federal employee pensions

Just because you are guaranteed a pension as a federal worker does not mean it will truly keep up with the cost of living when you retire.

Retired federal workers will get a 1.7 percent cost-of-living adjustment (COLA) to their civil service annuities in 2015, the government recently announced. This slight rise in COLA will also be applied to Social Security benefits and military retirement annuities.

In 2014, the COLA increase was 1.5 percent; in 2013, it was 1.7 percent. That’s a $1.70 more for every $100 — arguably a pittance for retirees of the federal workforce who are contending with the rising costs of living, which is out of our control.

No doubt like us you know that 1.7 percent is more than likely not keeping pace with the true cost of living increases in the U.S. even if you put aside other inflationary pressures and the value of the U.S. dollar, which is subject to constant changes in buying power and forced devaluation.

What does this all mean to you — an employed federal government worker who is dutifully making your pension contribution and tossing some money aside in your Thrift Savings Plan?

This is why it matters: more than likely you are not going to be given a break or huge injection of free cash from the federal government after you finally decide you’ve put in enough federal service to safely retire.

Unless the U.S. economy and government becomes radically flush with cash, your COLA will probably amount to no more than 2 percent. Meanwhile, what you pay to live today won’t be what you pay to live tomorrow.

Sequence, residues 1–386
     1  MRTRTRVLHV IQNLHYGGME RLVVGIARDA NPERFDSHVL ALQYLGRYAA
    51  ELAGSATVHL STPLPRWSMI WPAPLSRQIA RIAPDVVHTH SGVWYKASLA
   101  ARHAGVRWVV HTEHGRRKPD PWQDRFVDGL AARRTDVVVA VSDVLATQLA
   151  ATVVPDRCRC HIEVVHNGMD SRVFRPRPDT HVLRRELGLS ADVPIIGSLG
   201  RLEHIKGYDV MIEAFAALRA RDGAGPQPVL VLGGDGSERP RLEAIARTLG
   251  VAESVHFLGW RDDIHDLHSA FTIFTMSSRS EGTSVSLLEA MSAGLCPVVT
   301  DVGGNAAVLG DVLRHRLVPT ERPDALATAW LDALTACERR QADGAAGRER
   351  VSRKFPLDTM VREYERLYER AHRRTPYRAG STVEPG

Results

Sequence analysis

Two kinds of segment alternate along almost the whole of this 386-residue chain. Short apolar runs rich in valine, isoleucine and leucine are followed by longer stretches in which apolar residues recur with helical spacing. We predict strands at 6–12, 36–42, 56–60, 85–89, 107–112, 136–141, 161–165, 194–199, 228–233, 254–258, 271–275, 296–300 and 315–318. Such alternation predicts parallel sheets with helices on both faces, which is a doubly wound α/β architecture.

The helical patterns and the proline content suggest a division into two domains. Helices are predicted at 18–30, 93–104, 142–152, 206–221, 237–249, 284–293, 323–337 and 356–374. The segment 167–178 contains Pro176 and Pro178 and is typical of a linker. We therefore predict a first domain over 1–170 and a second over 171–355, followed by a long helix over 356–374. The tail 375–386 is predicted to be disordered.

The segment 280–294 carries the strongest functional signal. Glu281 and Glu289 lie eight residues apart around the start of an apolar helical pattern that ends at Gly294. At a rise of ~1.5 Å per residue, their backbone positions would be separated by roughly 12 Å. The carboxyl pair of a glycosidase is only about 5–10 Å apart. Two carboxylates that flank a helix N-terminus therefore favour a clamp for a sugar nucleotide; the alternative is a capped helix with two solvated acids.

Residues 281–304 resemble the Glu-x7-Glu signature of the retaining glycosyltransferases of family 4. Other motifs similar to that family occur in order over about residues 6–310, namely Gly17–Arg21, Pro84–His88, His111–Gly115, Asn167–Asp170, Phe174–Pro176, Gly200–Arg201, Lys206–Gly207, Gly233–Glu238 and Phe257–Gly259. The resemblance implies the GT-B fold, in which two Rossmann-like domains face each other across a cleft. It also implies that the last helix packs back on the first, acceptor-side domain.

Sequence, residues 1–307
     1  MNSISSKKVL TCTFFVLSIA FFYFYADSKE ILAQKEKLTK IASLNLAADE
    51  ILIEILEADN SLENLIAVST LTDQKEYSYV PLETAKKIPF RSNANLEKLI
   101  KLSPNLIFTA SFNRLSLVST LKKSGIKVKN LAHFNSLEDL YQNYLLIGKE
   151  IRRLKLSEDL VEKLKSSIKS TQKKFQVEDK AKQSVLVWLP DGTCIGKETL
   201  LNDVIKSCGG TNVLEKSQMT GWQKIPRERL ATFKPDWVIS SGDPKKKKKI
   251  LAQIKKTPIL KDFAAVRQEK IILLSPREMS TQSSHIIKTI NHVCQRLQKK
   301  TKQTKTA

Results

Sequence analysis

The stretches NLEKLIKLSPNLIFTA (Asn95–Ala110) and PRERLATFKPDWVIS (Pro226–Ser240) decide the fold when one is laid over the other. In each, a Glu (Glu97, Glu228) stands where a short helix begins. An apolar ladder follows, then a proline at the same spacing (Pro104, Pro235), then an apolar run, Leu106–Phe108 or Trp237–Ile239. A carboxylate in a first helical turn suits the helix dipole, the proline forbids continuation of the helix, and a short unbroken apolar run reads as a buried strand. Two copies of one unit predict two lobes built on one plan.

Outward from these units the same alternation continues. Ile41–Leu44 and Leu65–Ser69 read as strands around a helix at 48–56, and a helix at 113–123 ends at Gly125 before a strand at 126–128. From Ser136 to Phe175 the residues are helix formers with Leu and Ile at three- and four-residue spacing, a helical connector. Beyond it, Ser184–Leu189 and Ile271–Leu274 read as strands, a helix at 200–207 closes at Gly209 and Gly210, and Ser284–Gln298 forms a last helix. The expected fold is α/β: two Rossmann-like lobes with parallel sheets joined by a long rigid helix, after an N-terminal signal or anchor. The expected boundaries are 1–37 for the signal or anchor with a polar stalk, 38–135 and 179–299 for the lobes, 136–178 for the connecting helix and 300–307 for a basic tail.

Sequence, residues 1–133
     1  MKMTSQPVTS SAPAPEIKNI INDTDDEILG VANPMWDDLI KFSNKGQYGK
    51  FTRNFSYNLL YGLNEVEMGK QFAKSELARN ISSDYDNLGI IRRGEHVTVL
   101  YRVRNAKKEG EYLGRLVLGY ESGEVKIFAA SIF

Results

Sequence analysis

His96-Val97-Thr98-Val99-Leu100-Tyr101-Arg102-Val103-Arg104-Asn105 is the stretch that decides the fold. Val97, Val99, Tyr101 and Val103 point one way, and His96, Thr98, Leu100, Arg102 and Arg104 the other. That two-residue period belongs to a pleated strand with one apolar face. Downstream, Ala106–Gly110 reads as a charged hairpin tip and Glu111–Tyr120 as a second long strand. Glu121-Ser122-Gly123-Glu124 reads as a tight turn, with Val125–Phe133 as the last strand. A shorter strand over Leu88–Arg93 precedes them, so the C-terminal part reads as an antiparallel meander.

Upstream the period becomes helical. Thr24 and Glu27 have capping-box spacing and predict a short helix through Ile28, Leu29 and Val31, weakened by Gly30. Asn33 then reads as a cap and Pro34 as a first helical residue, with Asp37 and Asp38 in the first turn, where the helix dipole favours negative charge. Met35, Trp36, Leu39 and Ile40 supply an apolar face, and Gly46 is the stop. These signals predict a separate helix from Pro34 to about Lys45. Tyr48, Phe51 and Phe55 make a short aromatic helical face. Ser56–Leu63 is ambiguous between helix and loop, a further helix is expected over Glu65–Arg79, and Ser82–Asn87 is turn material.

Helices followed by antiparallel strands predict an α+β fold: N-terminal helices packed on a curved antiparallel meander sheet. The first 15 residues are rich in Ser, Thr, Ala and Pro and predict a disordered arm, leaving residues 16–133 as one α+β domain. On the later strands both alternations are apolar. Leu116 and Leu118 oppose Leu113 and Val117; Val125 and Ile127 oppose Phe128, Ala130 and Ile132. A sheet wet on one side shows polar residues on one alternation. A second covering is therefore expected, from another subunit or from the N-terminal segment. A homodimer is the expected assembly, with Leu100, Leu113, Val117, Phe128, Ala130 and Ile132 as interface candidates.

Because of inflation, that $200 grocery order could become a $250 grocery order. That $200 electric bill could be a $280 electric bill in 2055. These expenses and others will continue to rise after you retire. And you will be making a fraction of the salary you made when you were an active member of the federal workforce.

We are not trying to use fear to get your attention. But hopefully we have gotten your attention because this is not fear, this is reality.

Your retirement plan needs go beyond the federal program of pension contributions, TSP investments, and savings. It needs to consider the cost expectations of the future. It needs to balance those projected cost demands against whether your retirement income will outpace it so you can potentially maintain the quality of life you have as a full-time, employed federal worker.

We can help you see this big picture. We can guide you to other investment instruments so that you are better prepared for retirement.

At any time, forces larger than us, forces that we can’t control, can undercut our financial outlook and our ideal retirement scenarios. Our benefit specialists will help you overcome these challenges.

Contact a benefit specialist today.

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